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Hello! To preface this, I must say that I myself am not Jewish. Rather, I am emailing you on behalf of my younger cousin, who is. I apologize if this isn't the kind of questions that you usually handle. My cousin, Hannah, is 10. Her mother was Jewish, while Hannah's father (my uncle) is not (he's agnostic, most of our family is agnostic or some denomination of Christian). However, Hannah's mother unfortunately died when she was quite young, leaving my uncle to raise her alone. Hannah has expressed that she feels estranged from her Jewish heritage, and very much wants to connect. Our family is fully supportive of this, but also at a bit of a loss on how to help her in this. She has no immediate Jewish relatives, and dropping her off at the nearest synagogue once a week alone makes her father uncomfortable. Would it be appropriate for him to accompany her? Another concern is her bat mitzvah. It is our understanding that a proper bat mitzvah involves a lot of planning on the parent's part, and a lot of studying for Hannah to prepare. Could you offer some insight into how we can best support her and help her reconnect with her culture (and possibly religion)? For reference, we live in Colorado in the U.S..
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Hi, I've seen an answer to a question on here saying that a person whose mother's mother was Jewish is, by matrilineal descent, also Jewish. If it's an unbroken matrilineal line, is this true 100% of the time or is there a limit regarding how far back the relative is? I ask because my mother's mother's mother (my great-grandmother) was Jewish and, living in WWII Germany, she stopped practising. As such my grandmother, mother and myself were raised without religion. Are we all still considered Jewish? I feel that I've been denied a part of my family's culture, especially since I never got a chance to talk to my great-grandmother about it before she passed. I'd like to reconnect with it and come to understand my family better. Next year I'm moving to a city that has a beautiful Orthodox synagogue and I'm considering reaching out to the Rabbi but that's a bit intimidating so I thought I'd ask here first.

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Dear Rabbi, I was born and raised in Cincinnati, the daughter of Polish immigrants, as a devout Catholic. I married an Italian-American man and we had three girls we likewise raised Catholic. It never once crossed my mind that my ancestors could be anything else. I recently took a DNA test that gave me shocking results. It says I am 99.8% Ashkenazi Jewish. I wonder what to make out of this. I have not known any Jews since my childhood. My parents are long gone. I am a 78-year-old widow. My only living sibling has Alzheimer’s and can no longer communicate. I have no living relatives I know personally from Poland who I can ask. The only family I have around are my children, their husbands, and my seven grandchildren. I thought maybe I could ask a rabbi what to do and this is what came up from a Google search about asking a rabbi. Sincerely, Ann Murio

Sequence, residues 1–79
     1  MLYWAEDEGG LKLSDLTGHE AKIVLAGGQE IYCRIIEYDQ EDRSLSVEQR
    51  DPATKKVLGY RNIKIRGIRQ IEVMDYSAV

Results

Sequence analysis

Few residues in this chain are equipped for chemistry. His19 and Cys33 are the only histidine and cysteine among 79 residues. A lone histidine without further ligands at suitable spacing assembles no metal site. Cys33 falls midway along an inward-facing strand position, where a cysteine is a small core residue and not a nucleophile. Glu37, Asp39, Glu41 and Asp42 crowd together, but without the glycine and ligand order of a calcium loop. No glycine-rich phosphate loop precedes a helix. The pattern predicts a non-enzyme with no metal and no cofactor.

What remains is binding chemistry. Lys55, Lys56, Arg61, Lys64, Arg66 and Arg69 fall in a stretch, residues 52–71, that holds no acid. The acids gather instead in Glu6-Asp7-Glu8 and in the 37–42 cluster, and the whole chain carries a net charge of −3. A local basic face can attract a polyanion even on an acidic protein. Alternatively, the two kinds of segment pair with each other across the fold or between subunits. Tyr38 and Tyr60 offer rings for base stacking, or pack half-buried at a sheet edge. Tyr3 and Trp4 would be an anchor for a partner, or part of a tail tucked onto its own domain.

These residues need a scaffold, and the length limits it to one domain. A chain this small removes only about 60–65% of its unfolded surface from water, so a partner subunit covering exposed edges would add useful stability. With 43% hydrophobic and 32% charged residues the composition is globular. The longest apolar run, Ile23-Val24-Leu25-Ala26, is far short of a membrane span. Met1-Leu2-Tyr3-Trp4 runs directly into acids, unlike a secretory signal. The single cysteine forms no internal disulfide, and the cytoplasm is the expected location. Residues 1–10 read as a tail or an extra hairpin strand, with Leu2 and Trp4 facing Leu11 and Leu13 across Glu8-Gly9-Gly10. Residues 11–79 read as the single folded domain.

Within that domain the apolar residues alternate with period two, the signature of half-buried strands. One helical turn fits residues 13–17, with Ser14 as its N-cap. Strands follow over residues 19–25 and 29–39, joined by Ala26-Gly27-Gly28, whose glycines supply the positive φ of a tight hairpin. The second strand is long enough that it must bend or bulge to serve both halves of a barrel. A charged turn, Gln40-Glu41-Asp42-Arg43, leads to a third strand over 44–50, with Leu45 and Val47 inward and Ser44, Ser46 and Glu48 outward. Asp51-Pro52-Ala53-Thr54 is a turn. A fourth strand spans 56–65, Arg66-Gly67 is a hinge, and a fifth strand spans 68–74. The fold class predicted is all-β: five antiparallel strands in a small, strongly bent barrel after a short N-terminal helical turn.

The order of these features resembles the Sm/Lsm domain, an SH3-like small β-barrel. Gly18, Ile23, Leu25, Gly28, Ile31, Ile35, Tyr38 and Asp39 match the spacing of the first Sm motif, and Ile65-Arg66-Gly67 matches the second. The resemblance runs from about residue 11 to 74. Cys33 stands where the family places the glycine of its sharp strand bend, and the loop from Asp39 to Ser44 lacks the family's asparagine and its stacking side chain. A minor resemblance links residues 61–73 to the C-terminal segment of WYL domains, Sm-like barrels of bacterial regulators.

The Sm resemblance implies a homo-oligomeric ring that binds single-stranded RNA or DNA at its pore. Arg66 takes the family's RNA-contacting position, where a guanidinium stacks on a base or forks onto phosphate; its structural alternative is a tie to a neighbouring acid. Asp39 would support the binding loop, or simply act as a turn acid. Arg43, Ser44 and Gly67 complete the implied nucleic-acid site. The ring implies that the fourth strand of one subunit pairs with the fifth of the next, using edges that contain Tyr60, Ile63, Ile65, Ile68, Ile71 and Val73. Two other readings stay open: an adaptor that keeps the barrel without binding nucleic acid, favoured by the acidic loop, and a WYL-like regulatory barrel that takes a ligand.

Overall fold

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Shalom I am sure you have been asked this question time and time again. I am hoping to receive the answer I am looking for. My grandmother met a Jewish man. My grandmother then converted to Judaism prior to getting married. My mother was then conceived and born. She went to Hebrew school and practiced Jewish traditions. I am looking for G-d. I have been reading about Judaism and would like to know. Am I Jewish? Would I be accepted by the Jewish community if my grandmother was a convert? Thank you for your time.
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I recently discovered that my mother's mother was Jewish. I wasn't raised as a Jew. Am I considered a Jew? Should I just ignore this ancestry tidbit?